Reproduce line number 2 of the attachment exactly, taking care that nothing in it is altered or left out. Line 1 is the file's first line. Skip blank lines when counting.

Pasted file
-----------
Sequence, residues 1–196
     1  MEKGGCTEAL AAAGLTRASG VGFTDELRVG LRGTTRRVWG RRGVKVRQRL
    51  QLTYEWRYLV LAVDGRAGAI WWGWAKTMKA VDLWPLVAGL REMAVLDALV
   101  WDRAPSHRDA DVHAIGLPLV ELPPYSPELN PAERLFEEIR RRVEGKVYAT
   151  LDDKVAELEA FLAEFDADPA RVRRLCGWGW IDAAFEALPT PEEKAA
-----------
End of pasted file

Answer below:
     1  MEKGGCTEAL AAAGLTRASG VGFTDELRVG LRGTTRRVWG RRGVKVRQRL